Seventh, Nor is there any mention of such a custom in the Jew's Misnah, or Book of Traditions; which is a collection of all the traditions among the Jews, which had been handed down from age to age, and were collected toge ther from all parts, and written in a book of this name, in order to be preserved. This was written by R. Judah Hakkadosh, in the middle of the second century, A. D. 150. or as others, in the beginning of the third century, reckoning the date of it 150 years from the destruction of the temple; which brings it to the year 220. and here, if any where, one might expect to meet with this rite or, custom; but no mention is made of it. Dr Gale seems to allow it upon what Dr Wall has transcribed from Selden, which he granted without exami nation. The doctor says, It is not only mentioned in the Gemara, but in the text of the Misnah itself; which, as he suggests, speaks of a child becoming a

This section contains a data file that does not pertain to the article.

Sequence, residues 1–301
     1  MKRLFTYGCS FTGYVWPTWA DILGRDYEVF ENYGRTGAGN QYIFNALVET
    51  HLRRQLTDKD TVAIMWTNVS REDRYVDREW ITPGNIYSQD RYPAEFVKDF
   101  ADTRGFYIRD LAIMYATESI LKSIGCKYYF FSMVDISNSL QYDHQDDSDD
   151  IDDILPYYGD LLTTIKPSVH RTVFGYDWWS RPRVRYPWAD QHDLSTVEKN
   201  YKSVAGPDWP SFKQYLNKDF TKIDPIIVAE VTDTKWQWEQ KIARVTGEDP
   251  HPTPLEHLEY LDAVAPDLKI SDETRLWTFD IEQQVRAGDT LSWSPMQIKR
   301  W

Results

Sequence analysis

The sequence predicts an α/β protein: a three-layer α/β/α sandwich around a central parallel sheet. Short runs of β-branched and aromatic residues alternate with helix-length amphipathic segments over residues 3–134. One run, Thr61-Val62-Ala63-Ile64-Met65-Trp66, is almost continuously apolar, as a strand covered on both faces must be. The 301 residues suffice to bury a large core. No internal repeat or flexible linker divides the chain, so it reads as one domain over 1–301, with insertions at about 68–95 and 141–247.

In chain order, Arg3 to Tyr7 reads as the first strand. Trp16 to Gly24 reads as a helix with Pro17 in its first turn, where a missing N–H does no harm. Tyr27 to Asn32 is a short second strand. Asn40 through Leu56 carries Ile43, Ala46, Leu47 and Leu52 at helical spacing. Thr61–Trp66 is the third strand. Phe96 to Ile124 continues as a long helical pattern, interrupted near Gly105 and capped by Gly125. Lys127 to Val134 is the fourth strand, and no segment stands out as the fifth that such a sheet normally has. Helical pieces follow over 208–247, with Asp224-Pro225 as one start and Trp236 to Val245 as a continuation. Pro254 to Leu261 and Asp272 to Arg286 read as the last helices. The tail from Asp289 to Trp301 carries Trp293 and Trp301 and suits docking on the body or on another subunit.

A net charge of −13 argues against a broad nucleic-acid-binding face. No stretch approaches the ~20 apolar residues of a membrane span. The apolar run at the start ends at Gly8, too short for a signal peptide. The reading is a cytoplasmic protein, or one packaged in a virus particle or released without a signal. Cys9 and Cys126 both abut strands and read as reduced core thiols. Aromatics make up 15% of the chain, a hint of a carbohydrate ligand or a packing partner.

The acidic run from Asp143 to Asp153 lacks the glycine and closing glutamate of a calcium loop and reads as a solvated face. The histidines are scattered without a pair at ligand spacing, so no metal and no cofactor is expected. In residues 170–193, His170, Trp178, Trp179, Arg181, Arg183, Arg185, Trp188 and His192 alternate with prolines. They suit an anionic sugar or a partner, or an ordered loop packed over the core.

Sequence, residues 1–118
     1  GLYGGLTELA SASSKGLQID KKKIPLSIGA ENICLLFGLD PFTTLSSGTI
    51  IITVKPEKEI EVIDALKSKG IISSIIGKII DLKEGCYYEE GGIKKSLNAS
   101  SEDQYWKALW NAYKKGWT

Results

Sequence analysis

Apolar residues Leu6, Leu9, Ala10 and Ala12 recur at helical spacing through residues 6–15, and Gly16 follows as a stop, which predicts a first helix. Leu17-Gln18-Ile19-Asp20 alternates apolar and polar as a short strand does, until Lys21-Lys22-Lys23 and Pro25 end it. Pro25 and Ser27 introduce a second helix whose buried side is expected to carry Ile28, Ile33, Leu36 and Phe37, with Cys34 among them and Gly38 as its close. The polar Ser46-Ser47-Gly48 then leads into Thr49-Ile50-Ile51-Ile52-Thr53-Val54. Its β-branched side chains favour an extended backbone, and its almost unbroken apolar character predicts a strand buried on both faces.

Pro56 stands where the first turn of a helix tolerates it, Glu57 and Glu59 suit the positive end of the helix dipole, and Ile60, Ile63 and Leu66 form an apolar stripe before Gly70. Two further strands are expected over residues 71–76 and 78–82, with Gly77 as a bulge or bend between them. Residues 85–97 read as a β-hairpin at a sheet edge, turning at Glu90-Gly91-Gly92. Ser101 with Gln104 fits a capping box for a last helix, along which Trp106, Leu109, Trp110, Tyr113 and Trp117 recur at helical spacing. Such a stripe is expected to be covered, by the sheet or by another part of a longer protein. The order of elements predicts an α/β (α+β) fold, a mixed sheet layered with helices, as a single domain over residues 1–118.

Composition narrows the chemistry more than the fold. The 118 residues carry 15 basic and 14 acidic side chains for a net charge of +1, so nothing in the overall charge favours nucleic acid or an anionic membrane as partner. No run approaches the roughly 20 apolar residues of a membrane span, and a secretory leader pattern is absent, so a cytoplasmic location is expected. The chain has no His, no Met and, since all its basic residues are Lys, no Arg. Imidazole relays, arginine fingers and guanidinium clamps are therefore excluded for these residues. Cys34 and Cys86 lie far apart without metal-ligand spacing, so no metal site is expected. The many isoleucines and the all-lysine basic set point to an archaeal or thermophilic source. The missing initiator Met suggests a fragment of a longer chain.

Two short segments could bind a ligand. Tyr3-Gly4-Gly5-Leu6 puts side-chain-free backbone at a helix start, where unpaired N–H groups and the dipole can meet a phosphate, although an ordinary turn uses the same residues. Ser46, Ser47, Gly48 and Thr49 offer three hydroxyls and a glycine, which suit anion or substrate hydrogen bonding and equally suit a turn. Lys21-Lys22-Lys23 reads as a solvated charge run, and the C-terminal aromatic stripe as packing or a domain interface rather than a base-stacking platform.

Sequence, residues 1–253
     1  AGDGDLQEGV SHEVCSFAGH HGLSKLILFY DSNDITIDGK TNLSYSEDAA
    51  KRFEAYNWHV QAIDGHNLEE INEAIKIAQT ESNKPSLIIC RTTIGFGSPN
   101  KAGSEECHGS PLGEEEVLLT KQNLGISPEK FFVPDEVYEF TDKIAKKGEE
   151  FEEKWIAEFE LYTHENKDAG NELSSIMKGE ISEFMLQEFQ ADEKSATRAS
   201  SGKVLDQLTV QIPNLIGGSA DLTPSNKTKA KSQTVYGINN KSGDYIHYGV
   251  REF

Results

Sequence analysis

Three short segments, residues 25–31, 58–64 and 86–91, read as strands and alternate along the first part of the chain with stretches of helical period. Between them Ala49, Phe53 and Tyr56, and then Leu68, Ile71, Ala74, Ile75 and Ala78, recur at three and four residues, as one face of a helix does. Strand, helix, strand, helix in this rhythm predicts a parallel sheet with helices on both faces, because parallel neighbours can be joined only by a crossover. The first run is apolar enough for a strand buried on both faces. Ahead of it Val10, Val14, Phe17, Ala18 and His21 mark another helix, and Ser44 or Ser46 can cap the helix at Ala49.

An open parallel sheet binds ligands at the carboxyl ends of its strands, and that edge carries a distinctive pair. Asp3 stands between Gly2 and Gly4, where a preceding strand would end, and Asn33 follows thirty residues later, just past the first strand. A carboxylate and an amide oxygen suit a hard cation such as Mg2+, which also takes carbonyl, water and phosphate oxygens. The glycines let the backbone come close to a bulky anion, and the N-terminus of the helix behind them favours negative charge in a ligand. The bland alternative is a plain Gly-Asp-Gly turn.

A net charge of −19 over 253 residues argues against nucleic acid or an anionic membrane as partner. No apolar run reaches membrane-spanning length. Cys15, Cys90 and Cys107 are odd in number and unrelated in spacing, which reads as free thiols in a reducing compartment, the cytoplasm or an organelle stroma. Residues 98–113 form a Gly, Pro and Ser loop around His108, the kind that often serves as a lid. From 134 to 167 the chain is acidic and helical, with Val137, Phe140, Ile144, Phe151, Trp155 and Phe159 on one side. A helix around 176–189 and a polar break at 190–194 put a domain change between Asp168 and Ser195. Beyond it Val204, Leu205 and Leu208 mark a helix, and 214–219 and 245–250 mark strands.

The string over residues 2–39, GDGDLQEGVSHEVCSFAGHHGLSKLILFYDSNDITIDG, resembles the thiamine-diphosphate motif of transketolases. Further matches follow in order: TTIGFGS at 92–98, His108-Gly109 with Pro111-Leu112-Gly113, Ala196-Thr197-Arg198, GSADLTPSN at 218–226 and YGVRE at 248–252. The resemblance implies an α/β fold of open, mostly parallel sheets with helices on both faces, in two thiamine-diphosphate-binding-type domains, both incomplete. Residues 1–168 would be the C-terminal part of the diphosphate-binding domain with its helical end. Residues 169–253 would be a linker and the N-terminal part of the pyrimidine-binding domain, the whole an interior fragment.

"Vid. Maimon. Issure Biah, c. 13 .3 .11, 12, & Schulchan Aruch, par. 2. c. 267. s. g. w Reflections on Wali's History of Infant-Baptism, p. 337. History, Introduction, p. 49.